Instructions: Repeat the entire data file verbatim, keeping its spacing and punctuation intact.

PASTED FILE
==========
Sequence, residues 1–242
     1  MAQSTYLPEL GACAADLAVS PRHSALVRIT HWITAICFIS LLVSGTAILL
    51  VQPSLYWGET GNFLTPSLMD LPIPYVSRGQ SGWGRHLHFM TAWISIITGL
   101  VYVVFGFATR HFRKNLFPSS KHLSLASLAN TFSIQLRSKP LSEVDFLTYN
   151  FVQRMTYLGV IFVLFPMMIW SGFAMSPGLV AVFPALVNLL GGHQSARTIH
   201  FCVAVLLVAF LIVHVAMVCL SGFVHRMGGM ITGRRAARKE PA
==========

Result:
Sequence, residues 1–242
     1  MAQSTYLPEL GACAADLAVS PRHSALVRIT HWITAICFIS LLVSGTAILL
    51  VQPSLYWGET GNFLTPSLMD LPIPYVSRGQ SGWGRHLHFM TAWISIITGL
   101  VYVVFGFATR HFRKNLFPSS KHLSLASLAN TFSIQLRSKP LSEVDFLTYN
   151  FVQRMTYLGV IFVLFPMMIW SGFAMSPGLV AVFPALVNLL GGHQSARTIH
   201  FCVAVLLVAF LIVHVAMVCL SGFVHRMGGM ITGRRAARKE PA